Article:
How a small business loan helped me define my business
Deciding to start your own business is no easy task. My eyes always twinkle with excitement every time I hear peers and friends speaking about starting their own business. As business owners, there are plenty of trials and tribulations we need to go through, and I certainly had my share.
In 2008, I took a small business loan to kick-start my first business, Fauxcialite. I used the funds to build my company’s website and within one month I was collaborating with brands like Sony Music, FILA and Fuze Beverages. Creating this product so quickly enabled me to build momentum and understand the current needs in the market. It also enabled me to get my beta product in front of investors and get immediate feedback. Execution enables you to iron out all of the logistical issues and figure out a sound business process. Additionally, exposing our customers to the product enabled us to understand the pro & cons within the potential marketplace.
What I was able to learn by launching this business was extremely valuable and I never would have gotten the same experience from school or working for someone else. Unfortunately, the business didn’t take off like I had anticipated based on timing and the imminent recession. Since my business was strictly based on event production, that’s definitely one of the first things that gets cut during a recession.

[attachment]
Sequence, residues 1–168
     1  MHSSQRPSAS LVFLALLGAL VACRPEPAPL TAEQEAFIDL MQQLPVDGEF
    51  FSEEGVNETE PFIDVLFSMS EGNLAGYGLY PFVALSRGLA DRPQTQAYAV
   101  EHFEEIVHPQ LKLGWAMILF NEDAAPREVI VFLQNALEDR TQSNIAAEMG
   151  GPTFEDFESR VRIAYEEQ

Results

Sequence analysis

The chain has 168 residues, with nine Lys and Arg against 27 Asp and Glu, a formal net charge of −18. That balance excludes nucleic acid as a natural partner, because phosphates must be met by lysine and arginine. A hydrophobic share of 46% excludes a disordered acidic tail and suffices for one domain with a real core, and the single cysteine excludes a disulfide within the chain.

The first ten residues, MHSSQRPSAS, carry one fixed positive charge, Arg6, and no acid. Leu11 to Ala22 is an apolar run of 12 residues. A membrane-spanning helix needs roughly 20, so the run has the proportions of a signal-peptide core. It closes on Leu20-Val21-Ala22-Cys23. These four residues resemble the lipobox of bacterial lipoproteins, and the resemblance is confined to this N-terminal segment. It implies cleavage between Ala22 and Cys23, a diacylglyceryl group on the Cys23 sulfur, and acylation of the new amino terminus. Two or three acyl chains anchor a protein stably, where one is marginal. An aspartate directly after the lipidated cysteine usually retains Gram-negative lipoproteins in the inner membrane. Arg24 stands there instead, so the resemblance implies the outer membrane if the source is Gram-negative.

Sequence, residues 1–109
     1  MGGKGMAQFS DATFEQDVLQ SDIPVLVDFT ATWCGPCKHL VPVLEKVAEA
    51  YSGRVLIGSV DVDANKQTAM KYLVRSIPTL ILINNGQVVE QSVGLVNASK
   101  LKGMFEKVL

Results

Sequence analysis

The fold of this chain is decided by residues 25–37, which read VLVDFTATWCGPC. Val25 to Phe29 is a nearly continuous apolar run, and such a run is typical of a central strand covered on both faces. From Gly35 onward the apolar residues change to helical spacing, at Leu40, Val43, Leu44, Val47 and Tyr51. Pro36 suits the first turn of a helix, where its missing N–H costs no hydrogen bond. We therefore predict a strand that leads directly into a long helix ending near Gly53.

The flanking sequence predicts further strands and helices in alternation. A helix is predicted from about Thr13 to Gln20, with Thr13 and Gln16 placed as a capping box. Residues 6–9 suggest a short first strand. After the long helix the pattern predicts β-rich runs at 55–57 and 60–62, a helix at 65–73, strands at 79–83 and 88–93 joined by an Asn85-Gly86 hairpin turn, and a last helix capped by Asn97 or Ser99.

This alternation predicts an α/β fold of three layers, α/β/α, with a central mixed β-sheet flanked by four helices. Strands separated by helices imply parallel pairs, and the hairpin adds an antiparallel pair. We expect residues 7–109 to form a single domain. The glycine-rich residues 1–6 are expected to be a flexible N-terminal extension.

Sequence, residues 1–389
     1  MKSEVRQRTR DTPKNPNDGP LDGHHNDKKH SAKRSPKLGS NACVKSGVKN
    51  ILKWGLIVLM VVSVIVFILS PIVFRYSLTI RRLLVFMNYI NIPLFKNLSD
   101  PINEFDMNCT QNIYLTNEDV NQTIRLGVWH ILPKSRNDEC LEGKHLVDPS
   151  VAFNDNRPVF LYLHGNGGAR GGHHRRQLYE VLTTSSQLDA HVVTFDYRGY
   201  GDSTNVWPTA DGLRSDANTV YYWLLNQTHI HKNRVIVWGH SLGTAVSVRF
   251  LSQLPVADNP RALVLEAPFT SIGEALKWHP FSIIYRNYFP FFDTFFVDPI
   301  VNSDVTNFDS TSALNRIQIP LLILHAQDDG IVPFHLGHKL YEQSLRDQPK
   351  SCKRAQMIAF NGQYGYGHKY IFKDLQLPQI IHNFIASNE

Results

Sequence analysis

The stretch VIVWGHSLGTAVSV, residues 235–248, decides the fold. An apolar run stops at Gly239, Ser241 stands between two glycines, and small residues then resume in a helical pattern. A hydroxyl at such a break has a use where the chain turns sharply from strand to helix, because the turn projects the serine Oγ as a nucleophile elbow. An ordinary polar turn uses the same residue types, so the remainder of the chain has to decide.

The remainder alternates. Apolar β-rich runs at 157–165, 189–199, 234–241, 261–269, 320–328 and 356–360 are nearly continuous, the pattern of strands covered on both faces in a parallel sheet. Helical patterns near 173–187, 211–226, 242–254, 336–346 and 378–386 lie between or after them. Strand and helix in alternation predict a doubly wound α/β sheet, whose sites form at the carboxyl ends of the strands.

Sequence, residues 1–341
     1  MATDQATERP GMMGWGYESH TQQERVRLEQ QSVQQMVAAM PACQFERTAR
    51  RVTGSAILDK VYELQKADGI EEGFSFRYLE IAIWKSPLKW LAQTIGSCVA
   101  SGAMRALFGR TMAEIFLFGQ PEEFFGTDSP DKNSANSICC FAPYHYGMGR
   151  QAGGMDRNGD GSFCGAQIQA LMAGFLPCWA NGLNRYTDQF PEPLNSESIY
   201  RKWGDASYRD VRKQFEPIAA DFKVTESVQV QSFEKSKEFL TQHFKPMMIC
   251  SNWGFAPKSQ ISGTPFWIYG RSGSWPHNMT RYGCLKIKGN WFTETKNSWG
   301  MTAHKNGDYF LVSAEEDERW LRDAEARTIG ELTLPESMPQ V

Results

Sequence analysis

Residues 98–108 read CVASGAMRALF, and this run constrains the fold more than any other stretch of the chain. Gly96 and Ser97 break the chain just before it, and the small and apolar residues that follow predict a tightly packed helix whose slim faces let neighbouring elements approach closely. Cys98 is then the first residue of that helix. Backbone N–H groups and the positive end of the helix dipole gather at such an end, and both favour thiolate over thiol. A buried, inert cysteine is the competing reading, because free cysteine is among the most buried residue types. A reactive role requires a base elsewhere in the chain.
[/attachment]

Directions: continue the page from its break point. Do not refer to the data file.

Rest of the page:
Very often individuals who start their own business are reluctant to get a loan and end up maxing out their credit cards instead. Thankfully I was able to pay off my loan in a timely manner and at a reasonable rate, while also having enough funds allotted for the project, which really enabled me to take a look at my business in a different way. I wanted to see a return in my investment within the first 6 months, and without a loan it would’ve been too easy to keep feeding money into the business and not no when to stop.
My business would have probably have taken off after the recession, but the profit margin didn’t seem considerable enough to move forward. That’s when I realized I needed to take a hard look at my business and decided to terminate it in March of 2009. Luckily shutting down my original business enabled me to start a new project, my digital consultancy, and I was able to take the lessons from this experience and turn it into an entirely new enterprise. Even though the business didn’t turn to be a success like I had anticipated, it really helped me build another business with a much stronger foundation. As a thank you for Accion New York, I’ve been contributing my efforts to teach others about business loans, social media and the trials & tribulations of owning your own business. When one door closes another opens up, especially in the never-ending journey of entrepreneurship.